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Sleep Med. 2010 Feb;11(2):172-9. doi: 10.1016/j.sleep.2008.12.018. Epub 2009 Dec 14.

REM sleep characteristics of nightmare sufferers before and after REM sleep deprivation.

Author information

1
Dream and Nightmare Laboratory, Centre détude du sommeil, Hôpital du Sacré-Coeur de Montréal, 5400 boul. Gouin Ouest, Montréal, Que., Canada H4J1C5. tore.nielsen@umontreal.ca

Abstract

OBJECTIVES:

To examine whether disrupted regulation of REM sleep propensity is implicated in nightmare (NM) pathophysiology.

BACKGROUND:

Heightened REM propensity induced by REM sleep deprivation is belied by increases in REM %, REM density and the dream-like quality of dream mentation during post-deprivation recovery sleep. Compromised regulation of REM sleep propensity may be a contributing factor in the pathophysiology of frequent NMs.

METHODS:

A preliminary study of 14 subjects with frequent NMs (> or = 1 NM/week; 27.6+/-9.9 years) and 11 healthy control subjects (<1 NM/month; 24.3+/-5.3 years) was undertaken. Subjects completed home sleep/dream logs and underwent three nights of polysomnographic recording with REM sleep deprivation on night 2. Group differences were assessed for a battery of REM sleep and dream measures on nights 1 and 3.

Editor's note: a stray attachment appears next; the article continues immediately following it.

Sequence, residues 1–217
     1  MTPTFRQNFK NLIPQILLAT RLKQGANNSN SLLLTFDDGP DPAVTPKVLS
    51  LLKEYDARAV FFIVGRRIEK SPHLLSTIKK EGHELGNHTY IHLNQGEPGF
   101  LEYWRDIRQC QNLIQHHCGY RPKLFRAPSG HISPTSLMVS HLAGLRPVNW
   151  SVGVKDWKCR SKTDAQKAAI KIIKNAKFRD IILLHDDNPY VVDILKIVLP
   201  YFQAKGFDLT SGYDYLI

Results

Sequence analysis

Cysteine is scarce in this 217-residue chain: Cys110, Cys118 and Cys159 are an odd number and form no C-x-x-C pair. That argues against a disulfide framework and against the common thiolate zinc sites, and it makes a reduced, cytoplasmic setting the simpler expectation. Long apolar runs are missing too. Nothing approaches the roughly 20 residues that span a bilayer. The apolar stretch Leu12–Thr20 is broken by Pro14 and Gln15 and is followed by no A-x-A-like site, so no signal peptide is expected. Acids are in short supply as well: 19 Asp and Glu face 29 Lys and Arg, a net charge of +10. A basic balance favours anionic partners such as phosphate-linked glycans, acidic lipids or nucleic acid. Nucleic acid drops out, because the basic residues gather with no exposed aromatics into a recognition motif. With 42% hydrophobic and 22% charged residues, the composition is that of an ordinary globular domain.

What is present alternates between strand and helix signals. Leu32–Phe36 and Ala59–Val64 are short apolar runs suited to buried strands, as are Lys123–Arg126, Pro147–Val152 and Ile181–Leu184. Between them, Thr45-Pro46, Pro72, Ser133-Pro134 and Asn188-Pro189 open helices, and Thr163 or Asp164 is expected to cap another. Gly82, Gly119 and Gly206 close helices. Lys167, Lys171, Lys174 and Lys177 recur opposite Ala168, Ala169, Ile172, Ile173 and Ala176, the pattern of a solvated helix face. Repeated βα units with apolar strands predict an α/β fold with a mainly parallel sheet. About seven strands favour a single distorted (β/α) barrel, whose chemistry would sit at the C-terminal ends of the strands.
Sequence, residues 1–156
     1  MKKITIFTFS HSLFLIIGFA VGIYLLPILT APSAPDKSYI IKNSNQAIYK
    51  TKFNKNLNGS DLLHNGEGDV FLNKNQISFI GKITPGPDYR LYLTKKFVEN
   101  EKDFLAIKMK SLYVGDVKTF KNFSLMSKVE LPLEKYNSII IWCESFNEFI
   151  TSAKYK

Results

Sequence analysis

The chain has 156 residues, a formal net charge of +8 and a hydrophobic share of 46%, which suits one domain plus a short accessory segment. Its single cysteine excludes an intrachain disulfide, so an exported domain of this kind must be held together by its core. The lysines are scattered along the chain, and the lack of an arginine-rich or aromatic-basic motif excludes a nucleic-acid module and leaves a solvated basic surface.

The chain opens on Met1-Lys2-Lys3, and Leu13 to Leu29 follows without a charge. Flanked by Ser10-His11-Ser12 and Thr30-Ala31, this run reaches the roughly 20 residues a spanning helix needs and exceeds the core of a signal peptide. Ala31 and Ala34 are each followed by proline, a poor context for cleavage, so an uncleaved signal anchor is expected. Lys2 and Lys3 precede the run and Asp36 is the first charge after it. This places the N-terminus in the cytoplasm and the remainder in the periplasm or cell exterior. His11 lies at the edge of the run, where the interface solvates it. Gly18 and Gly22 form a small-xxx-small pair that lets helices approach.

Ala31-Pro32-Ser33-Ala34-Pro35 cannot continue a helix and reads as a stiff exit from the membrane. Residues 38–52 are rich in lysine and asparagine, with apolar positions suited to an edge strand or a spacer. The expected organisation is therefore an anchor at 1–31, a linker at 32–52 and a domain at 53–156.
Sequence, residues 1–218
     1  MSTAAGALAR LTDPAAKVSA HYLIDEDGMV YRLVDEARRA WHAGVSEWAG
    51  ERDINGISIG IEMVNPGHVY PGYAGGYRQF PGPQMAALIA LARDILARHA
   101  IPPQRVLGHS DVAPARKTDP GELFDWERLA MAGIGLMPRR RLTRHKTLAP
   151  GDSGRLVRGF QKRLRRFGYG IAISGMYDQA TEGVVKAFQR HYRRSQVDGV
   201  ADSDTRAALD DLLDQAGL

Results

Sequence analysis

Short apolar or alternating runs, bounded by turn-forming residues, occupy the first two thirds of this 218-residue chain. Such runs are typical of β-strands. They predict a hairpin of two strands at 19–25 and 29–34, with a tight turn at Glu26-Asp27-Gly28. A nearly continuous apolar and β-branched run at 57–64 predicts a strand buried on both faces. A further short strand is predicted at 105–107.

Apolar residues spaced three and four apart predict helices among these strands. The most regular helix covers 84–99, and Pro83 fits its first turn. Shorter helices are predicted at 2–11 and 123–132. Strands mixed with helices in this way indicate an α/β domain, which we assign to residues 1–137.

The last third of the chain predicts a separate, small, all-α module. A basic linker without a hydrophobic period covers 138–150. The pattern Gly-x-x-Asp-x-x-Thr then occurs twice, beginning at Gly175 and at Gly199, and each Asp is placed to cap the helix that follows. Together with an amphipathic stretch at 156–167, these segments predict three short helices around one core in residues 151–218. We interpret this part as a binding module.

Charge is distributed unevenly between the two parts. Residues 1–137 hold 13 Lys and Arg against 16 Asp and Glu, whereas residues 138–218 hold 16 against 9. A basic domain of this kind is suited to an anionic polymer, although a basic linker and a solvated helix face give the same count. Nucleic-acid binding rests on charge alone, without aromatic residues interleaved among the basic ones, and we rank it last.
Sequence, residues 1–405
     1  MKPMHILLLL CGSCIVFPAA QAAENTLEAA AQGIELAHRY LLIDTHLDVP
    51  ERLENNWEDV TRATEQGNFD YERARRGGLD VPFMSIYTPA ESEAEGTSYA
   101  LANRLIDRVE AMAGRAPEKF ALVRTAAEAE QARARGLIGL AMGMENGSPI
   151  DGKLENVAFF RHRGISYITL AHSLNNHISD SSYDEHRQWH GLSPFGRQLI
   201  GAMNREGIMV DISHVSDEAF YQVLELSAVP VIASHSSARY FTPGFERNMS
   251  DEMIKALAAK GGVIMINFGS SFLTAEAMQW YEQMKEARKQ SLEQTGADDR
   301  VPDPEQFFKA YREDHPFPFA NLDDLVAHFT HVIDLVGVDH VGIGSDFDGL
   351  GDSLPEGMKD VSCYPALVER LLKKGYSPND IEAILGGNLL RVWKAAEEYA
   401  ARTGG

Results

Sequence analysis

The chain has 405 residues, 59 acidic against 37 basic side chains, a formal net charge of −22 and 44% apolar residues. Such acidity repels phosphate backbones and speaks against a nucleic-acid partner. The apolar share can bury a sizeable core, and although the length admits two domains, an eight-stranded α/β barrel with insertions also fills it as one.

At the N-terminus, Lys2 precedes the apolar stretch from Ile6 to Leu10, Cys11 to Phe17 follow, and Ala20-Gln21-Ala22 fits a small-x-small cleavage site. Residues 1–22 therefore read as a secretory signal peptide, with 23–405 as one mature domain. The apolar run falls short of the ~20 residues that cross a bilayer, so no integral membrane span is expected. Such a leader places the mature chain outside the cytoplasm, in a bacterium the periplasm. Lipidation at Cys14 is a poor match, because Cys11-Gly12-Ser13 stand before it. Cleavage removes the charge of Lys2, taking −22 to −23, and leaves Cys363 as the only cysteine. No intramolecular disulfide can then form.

RESULTS:

Several measures, including #skipped early-night REM periods, REM latency, REM/NREM cycle length, early/late REM density, REM rebound, late-night REM% and dream vividness, suggested that REM sleep propensity was abnormally low for the frequent NM group throughout the 3-day study.

CONCLUSIONS:

Findings raise the possibility that REM anomalies recorded from NM sufferers sleeping in the laboratory environment reflect a disruption of one or more endogenous regulators of REM sleep propensity.

PMID:
20005773
DOI:
10.1016/j.sleep.2008.12.018
[Indexed for MEDLINE]

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